On June 7, 2018, Doug Ford was elected Premier of Ontario. Barely two months after his election, he implemented major changes to how the Ontario government intends to manage the sale and distribution of recreational cannabis on its territory. Initially, Ontario had opted for a sales model similar to Quebec, namely the creation of a government-owned company.
Now, the PC government prefers the model used in Alberta, Manitoba and Saskatchewan, which authorizes the private sector to sell cannabis. The number of private retailers and their locations are not yet known, as the Ontario government wishes to first hold consultations to regulate sales by private distributors. However, we know that an online sales platform will be operational as of October 17 and will allow Ontario residents aged 19 and older to purchase recreational cannabis. As for the first private points of sale, they will begin their activities over the course of spring 2019.
If the Quebec elections result in a change of government, should we expect similar modifications to those made in Ontario?
Before answering this question, it is important to remember how the Quebec model of sale and distribution of recreational cannabis was created. On June 19 and 20, 2017, the Quebec government began by holding the “Forum of experts on the management of cannabis in Quebec,” before holding public consultations in different regions of Quebec, in addition to an online consultation. These actions led to the publication of a report that summarizes the results of the consultations. Regarding the implementation of a Quebec sales model, tables 3.a and 3.b. found on pages seven and eight of this document, demonstrate that a majority of organizations and individuals were favourable to the creation of a government monopoly on sales.
The cannabis bill was extensively studied by the different political parties represented at the Quebec national assembly. Despite a few points of divergence, namely regarding the minimum age for buying and consuming cannabis and where one can consume cannabis, no party questioned the government monopoly model. However, the first version of the bill included the possibility to implement pilot projects for the sale of cannabis by certain retailers. This possibility would have allowed the Quebec government, over time, to make the cannabis sales model a mixed model, both public, through the government-owned company, and private, through pilot projects. However, due to continued pressure from opposition parties, the option of allowing pilot projects for the sale of cannabis by certain retailers was removed from the final version of the bill.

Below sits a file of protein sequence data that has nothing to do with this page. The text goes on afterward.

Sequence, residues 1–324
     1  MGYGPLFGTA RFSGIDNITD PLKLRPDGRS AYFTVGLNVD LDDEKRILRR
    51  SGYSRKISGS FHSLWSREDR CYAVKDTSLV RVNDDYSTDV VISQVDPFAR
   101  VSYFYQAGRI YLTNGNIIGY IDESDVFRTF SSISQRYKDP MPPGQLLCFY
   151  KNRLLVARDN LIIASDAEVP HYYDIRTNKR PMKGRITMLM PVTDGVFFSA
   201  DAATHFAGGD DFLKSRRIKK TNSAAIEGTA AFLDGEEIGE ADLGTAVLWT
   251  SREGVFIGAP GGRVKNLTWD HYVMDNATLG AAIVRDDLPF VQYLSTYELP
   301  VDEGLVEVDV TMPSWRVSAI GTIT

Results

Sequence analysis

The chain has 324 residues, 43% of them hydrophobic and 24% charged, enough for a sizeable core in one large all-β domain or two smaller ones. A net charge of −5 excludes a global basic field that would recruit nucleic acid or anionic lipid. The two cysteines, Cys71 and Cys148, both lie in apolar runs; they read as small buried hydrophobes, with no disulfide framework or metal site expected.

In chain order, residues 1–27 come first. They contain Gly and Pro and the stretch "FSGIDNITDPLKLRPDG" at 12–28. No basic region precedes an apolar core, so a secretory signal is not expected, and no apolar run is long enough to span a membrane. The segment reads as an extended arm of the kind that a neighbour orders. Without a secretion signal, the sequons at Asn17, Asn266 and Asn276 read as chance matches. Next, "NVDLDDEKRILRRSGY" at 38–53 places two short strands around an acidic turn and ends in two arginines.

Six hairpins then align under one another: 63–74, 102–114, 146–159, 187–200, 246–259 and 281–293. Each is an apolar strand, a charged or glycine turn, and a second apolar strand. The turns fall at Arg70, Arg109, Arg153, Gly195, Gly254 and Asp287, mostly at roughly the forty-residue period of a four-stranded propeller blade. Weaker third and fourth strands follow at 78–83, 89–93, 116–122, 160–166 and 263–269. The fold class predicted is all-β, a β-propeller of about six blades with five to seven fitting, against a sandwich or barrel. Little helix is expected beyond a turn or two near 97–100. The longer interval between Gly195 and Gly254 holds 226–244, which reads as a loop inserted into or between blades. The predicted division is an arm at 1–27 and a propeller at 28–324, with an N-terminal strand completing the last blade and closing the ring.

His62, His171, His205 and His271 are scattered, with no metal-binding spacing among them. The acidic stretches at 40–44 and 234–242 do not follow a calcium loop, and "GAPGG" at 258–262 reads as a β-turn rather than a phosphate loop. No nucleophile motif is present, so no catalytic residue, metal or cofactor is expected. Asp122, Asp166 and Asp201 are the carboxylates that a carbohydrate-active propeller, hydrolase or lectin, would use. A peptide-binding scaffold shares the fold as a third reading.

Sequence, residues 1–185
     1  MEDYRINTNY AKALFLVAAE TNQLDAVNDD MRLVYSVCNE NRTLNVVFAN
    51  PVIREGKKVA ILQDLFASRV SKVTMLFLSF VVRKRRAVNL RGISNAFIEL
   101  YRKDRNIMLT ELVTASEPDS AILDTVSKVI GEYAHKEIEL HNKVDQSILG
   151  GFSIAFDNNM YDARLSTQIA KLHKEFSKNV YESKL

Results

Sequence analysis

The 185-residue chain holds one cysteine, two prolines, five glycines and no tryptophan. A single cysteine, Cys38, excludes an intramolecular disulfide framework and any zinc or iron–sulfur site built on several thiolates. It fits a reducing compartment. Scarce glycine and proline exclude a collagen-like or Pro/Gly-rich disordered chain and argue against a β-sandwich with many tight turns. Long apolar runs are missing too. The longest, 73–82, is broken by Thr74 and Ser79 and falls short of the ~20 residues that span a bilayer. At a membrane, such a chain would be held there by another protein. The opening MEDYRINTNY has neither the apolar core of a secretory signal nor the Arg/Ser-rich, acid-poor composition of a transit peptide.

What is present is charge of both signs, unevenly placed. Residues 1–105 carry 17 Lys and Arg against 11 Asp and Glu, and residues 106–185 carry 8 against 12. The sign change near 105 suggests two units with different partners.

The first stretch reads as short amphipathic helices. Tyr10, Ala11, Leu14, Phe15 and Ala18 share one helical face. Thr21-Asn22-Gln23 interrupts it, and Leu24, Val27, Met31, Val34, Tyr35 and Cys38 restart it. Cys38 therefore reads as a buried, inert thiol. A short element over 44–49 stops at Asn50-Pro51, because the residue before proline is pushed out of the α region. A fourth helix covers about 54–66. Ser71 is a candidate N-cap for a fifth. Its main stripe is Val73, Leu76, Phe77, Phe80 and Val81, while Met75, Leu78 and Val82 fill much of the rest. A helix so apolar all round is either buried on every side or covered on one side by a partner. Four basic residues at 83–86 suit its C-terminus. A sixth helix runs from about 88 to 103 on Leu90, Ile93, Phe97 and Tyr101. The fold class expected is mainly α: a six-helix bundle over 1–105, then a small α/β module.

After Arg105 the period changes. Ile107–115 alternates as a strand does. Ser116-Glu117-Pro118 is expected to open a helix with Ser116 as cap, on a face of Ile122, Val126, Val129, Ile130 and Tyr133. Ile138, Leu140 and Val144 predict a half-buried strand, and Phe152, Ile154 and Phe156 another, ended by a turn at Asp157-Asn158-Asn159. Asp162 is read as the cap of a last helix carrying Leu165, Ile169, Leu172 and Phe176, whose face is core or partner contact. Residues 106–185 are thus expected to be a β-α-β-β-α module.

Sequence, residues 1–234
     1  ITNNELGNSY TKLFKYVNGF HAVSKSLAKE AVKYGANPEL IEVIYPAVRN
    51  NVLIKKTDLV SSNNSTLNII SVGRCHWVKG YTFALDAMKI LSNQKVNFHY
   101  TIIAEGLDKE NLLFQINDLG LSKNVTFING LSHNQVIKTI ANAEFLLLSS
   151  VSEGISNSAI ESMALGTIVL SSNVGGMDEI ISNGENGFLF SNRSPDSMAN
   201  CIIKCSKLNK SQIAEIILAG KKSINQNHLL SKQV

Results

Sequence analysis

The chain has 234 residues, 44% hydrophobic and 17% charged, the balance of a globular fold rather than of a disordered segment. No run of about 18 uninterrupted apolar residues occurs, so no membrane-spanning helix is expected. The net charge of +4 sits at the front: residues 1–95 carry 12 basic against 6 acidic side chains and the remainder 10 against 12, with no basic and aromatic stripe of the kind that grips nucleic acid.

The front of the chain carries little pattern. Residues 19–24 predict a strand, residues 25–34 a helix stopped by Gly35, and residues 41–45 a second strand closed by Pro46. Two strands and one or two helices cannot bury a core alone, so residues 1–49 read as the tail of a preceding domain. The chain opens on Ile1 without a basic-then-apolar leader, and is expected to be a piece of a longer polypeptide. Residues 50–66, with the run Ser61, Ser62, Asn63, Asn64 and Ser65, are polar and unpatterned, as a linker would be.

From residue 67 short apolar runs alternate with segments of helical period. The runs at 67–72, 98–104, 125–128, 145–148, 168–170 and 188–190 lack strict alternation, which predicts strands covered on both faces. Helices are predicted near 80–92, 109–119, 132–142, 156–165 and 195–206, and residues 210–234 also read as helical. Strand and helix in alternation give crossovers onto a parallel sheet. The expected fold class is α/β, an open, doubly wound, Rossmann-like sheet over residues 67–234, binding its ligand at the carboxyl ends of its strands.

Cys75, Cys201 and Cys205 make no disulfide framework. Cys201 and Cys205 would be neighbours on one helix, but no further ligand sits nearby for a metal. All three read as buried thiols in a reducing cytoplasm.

Starting this past August 23, the Quebec general election has been in full swing. The electoral campaign, which will end on October 1, represents an opportunity to learn more about the position of the different political parties concerning the legalization of cannabis. François Legault, leader of Coalition Avenir Québec (CAQ), rapidly positioned himself on the question. Among other things, he wants to make sure that the points of sale of the Société québécoise du cannabis (SQDC) are located far away from CEGEPs. He also wants to raise the minimum age for possession and consumption of cannabis to 21. Finally, he wants to prohibit the consumption of cannabis in all public spaces, including streets. For his part, Jean-François Lisée of the Parti Québécois (PQ) wants to authorize growing two cannabis plants at home. Québec Solidaire (QS) and the Quebec Liberal Party (QLP) have stayed silent on the issue for the time being.
Considering the positions of the different parties, it is unlikely that Quebec would follow the Ontario example, at least in the short term. In contrast, during the leadership race and the Ontario electoral campaign, Doug Ford indicated his intention to open the sale of cannabis to the private sector. In Quebec, the SQDC model currently appears to be something the different political parties agree on. This will thus make it possible to compare the two models, private retailers versus government-owned company, in the months and years to come.